SPLUNC1 regulation in airway epithelial cells: role of Toll-like receptor 2 signaling.

Chu HW, Gally F, Thaikoottathil J, Janssen-Heininger YM, Wu Q, Zhang G, Reisdorph N, Case S, Minor M, Smith S, Jiang D, Michels N, Simon G, Martin RJ - Respir. Res. (2010)

Purity, specificity and antimicrobial activity of recombinant human SPLUNC1 protein. (A) Left-panel - Two μg of SPLUNC1 protein was electrophoresed on a 10% SDS-polyacrylamide gel, and then transferred onto a nitrocellulose membrane. Ponceau S staining of the membrane showed one protein at about 25 kD (pink, black arrow). Right panel - Western blot of SPLUNC1 using the Odyssey Imaging System verified that the 25 kD protein band shown in the left panel was SPLUNC1 (green band). (B) A representative fragmentation spectrum of peptide LYVTIPLGIK (amino acids 129 to 138) from in-gel trypsin-digested recombinant hSPLUNC1 protein after matching algorithm using SpectrumMill. The y-axis indicates the relative intensity of the fragment ions, where 100% is the total ion intensity of the spectrum. (C) Recombinant human SPLUNC1 protein markedly reduced Mycoplasma pneumoniae (Mp) growth in 96-well culture plates for 2 hrs. CFUs = Colony forming units. Data are expressed as means ± SEM (N = 5 replicates).
© Copyright Policy - open-access
Related In: Results  -  Collection

License
Show All Figures
getmorefigures.php?uid=PMC2992501&req=5

Figure 6: Purity, specificity and antimicrobial activity of recombinant human SPLUNC1 protein. (A) Left-panel - Two μg of SPLUNC1 protein was electrophoresed on a 10% SDS-polyacrylamide gel, and then transferred onto a nitrocellulose membrane. Ponceau S staining of the membrane showed one protein at about 25 kD (pink, black arrow). Right panel - Western blot of SPLUNC1 using the Odyssey Imaging System verified that the 25 kD protein band shown in the left panel was SPLUNC1 (green band). (B) A representative fragmentation spectrum of peptide LYVTIPLGIK (amino acids 129 to 138) from in-gel trypsin-digested recombinant hSPLUNC1 protein after matching algorithm using SpectrumMill. The y-axis indicates the relative intensity of the fragment ions, where 100% is the total ion intensity of the spectrum. (C) Recombinant human SPLUNC1 protein markedly reduced Mycoplasma pneumoniae (Mp) growth in 96-well culture plates for 2 hrs. CFUs = Colony forming units. Data are expressed as means ± SEM (N = 5 replicates).
Mentions: Our recent publication demonstrated that recombinant mouse SPLUNC1 protein significantly inhibited the growth of Mp in a dose-dependent manner [7]. To verify if human SPLUNC1 protein exerts a similar activity to the mouse counterpart in inhibiting Mp growth, we generated recombinant human SPLUNC1 (hSPLUNC1) protein using a baculovirus expression system. The purity and specificity of hSPLUNC1 protein were verified by Western blot and mass spectrometry (Figure 6A and 6B). As shown in Figure 6C, hSPLUNC1 inhibited Mp growth in a dose-dependent manner.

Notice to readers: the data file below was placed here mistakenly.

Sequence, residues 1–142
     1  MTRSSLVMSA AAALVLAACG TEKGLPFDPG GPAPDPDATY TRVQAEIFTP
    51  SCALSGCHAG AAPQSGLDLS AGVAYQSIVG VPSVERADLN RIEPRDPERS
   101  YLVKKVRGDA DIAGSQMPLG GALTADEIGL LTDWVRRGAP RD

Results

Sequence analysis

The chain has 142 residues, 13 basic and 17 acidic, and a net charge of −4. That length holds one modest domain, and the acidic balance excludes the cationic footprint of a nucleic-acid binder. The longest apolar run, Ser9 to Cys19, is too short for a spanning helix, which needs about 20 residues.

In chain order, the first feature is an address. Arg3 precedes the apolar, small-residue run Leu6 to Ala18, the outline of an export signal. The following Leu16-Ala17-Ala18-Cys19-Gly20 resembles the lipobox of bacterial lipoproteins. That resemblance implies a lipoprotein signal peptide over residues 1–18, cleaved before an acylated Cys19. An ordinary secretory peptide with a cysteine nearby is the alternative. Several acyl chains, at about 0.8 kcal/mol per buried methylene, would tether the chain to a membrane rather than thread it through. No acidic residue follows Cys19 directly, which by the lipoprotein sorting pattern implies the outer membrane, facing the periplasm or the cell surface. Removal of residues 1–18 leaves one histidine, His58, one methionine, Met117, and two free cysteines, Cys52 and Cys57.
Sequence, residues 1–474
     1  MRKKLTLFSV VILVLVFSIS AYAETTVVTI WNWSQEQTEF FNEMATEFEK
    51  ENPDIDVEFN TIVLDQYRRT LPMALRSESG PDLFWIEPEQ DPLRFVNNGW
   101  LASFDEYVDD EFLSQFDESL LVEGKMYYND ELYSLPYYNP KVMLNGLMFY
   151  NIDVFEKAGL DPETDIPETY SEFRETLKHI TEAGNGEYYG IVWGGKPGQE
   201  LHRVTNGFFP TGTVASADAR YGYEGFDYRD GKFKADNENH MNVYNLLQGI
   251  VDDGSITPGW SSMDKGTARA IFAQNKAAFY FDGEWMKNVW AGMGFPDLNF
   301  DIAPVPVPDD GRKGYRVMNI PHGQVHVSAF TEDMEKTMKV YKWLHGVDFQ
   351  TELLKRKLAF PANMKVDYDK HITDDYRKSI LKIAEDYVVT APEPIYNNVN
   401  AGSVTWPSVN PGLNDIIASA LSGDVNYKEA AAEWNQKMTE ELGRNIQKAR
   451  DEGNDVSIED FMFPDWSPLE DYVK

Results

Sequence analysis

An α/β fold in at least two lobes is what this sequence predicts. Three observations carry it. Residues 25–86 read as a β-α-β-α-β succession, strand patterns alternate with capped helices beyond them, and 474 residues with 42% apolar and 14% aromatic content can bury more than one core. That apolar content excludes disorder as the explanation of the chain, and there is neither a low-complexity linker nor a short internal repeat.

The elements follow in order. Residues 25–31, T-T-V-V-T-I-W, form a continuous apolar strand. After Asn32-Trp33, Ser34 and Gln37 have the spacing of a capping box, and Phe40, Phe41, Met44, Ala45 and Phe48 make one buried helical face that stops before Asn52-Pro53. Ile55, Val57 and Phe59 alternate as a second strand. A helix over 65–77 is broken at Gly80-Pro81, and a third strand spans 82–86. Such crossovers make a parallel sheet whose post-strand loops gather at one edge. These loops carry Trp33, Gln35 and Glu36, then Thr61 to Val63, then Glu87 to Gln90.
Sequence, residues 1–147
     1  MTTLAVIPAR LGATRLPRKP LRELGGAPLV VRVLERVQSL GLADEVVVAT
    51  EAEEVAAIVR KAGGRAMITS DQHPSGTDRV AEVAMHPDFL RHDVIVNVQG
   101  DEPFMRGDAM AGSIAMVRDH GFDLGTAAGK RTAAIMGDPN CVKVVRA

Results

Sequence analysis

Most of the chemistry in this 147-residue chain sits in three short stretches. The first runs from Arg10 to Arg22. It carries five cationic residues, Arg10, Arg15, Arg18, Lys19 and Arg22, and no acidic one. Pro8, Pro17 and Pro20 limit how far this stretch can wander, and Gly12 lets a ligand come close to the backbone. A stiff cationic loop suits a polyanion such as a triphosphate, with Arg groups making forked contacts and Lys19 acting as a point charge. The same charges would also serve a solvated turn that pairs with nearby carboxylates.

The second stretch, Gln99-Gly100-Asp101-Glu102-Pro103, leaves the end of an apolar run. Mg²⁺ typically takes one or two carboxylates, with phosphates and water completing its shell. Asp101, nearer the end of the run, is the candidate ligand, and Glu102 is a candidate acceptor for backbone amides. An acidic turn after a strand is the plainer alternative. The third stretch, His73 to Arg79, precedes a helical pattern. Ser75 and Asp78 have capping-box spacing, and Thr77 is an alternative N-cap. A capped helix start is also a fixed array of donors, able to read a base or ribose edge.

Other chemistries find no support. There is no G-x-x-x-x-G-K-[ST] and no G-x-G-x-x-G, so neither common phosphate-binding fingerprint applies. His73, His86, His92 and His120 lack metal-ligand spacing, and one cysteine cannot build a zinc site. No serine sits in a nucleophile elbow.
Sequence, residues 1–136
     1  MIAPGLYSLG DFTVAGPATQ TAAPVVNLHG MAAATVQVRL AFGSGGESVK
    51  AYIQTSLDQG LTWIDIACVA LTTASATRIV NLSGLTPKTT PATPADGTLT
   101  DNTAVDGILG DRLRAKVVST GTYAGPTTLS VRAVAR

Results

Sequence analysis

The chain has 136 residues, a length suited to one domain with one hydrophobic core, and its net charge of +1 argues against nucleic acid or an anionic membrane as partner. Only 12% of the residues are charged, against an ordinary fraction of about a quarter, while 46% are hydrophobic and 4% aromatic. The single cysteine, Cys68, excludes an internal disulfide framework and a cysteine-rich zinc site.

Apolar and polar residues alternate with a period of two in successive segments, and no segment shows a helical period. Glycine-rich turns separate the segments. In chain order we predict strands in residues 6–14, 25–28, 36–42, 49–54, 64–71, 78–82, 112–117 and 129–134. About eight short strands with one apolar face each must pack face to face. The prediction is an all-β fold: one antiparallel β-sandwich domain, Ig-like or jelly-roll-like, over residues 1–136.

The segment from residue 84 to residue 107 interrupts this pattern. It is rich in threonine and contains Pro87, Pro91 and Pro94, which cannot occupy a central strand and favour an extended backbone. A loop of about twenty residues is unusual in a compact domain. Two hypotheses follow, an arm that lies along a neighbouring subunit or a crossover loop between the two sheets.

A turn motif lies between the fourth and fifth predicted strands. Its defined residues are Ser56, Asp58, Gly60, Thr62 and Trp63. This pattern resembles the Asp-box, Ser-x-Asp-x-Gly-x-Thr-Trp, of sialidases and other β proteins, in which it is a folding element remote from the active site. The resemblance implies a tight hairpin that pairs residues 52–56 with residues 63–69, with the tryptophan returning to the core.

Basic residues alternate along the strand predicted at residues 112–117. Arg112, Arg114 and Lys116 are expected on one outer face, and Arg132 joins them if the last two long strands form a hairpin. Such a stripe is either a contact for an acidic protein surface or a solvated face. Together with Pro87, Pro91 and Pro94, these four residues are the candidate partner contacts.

Bottom Line: Respiratory infections including Mycoplasma pneumoniae (Mp) contribute to various chronic lung diseases.However, the mechanisms underlying SPLUNC1 regulation remain unknown.Our data for the first time suggest that airway epithelial TLR2 signaling is pivotal in mycoplasma-induced SPLUNC1 production, thus improving our understanding of the aberrant SPLUNC1 expression in airways of patients suffering from chronic lung diseases with bacterial infections.

View Article: PubMed Central - HTML - PubMed

Affiliation: Department of Medicine, National Jewish Health, and the University of Colorado Denver, Denver, CO, USA. chuhw@njhealth.org

ABSTRACT

Background: Respiratory infections including Mycoplasma pneumoniae (Mp) contribute to various chronic lung diseases. We have shown that mouse short palate, lung, and nasal epithelium clone 1 (SPLUNC1) protein was able to inhibit Mp growth. Further, airway epithelial cells increased SPLUNC1 expression upon Mp infection. However, the mechanisms underlying SPLUNC1 regulation remain unknown. In the current study, we investigated if SPLUNC1 production following Mp infection is regulated through Toll-like receptor 2 (TLR2) signaling.

Methods: Airway epithelial cell cultures were utilized to reveal the contribution of TLR2 signaling including NF-κB to SPLUNC1 production upon bacterial infection and TLR2 agonist stimulation.

Results: Mp and TLR2 agonist Pam3CSK4 increased SPLUNC1 expression in tracheal epithelial cells from wild type, but not TLR2(-/-) BALB/c mice. RNA interference (short-hairpin RNA) of TLR2 in normal human bronchial epithelial cells under air-liquid interface cultures significantly reduced SPLUNC1 levels in Mp-infected or Pam3CSK4-treated cells. Inhibition and activation of NF-κB pathway decreased and increased SPLUNC1 production in airway epithelial cells, respectively.

Conclusions: Our data for the first time suggest that airway epithelial TLR2 signaling is pivotal in mycoplasma-induced SPLUNC1 production, thus improving our understanding of the aberrant SPLUNC1 expression in airways of patients suffering from chronic lung diseases with bacterial infections.

Show MeSH
Related in: MedlinePlus